Second, the AUPE Arbitration could create a “one-two punch” for employers whereby a finding by the OIPC of a breach of privacy legislation may then be used as the basis for subsequent legal proceedings in which the employees seek monetary damages arising from the breach. As the OIPC Investigation report concluded in this matter, there was no “practical remedy” available to the complainants under the OIPC process as the Privacy Commissioner does not have the jurisdiction to order damages under FOIP or the Personal Information Protection Act (“PIPA”) which applies to private organizations. The AUPE Arbitration therefore paves the way for additional legal proceedings in the form of grievances, lawsuits, or damages awards under s. 60 of PIPA, in which the principles of Jones will likely be applied.
Third, the AUPE Arbitration raises alarming implications for employers conducting internal workplace investigations. Whereas Jones involved the improper access of an employee’s personal banking information by another employee acting for personal reasons and entirely outside the scope of her work duties, in the AUPE Arbitration, the Peace Officer was acting on behalf of the employer by carrying out an investigation into possible fraud. As such, the damages here were awarded against the MEP and not the individual employee. Consequently, this demonstrates that the stakes just got higher for employers trying to find a balance between effectively managing their workplace by conducting necessary investigations and respecting their employees’ privacy interests. Field Law’s Privacy Group can help employers navigate the increasingly complex privacy law issues that arise in the workplace.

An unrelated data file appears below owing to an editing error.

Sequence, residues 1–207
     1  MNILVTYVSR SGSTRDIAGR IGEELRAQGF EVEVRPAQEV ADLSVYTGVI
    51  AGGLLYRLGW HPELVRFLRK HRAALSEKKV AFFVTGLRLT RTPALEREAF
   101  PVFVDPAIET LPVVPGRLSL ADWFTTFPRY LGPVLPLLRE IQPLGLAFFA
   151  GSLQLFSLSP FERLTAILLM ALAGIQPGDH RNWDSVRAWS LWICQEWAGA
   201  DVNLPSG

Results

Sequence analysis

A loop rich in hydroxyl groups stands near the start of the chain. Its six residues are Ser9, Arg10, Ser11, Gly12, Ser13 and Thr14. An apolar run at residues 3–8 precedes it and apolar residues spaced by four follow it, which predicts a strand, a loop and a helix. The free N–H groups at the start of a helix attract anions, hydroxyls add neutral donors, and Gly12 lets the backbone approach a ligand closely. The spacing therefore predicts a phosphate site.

1 Alberta and Alberta Union of Provincial Employees (Privacy Rights Grievance),  A.G.A.A. No. 23 (QL).
2 See: F2010-IR-001.
3. Winter 2012 - Privacy Press